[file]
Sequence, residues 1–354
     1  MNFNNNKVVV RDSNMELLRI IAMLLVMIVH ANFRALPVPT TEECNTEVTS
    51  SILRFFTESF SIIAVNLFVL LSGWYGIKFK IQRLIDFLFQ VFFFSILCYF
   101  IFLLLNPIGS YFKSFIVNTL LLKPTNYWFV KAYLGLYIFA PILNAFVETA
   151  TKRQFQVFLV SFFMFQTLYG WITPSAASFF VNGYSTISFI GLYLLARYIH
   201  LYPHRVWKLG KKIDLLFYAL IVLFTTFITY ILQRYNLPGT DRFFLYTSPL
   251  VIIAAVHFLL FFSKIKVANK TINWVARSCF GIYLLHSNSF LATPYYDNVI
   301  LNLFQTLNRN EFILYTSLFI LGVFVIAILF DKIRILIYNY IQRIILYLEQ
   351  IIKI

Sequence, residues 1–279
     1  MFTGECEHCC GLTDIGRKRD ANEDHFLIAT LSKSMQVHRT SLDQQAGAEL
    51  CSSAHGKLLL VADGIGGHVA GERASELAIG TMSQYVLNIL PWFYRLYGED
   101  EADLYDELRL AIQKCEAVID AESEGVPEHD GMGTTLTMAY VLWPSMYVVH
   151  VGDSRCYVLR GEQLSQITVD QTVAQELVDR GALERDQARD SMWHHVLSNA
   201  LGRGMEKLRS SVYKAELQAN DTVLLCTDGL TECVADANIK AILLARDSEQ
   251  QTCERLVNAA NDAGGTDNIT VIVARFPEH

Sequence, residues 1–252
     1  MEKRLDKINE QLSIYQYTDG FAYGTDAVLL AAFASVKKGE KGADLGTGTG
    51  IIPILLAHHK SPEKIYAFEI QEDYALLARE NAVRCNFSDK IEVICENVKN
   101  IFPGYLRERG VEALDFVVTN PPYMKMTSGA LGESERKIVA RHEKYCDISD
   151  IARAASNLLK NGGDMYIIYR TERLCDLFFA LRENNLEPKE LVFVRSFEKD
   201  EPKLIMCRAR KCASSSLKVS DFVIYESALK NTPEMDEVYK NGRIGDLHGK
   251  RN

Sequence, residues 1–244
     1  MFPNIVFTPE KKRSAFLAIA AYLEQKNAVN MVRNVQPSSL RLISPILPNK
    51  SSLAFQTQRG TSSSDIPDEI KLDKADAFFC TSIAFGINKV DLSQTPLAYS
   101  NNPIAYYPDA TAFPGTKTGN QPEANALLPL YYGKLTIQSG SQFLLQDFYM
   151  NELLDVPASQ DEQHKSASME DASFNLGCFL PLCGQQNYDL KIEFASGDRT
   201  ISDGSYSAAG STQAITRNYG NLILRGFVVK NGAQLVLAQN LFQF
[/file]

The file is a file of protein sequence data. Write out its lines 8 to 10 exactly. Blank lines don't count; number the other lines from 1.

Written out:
   301  LNLFQTLNRN EFILYTSLFI LGVFVIAILF DKIRILIYNY IQRIILYLEQ
   351  IIKI

Sequence, residues 1–279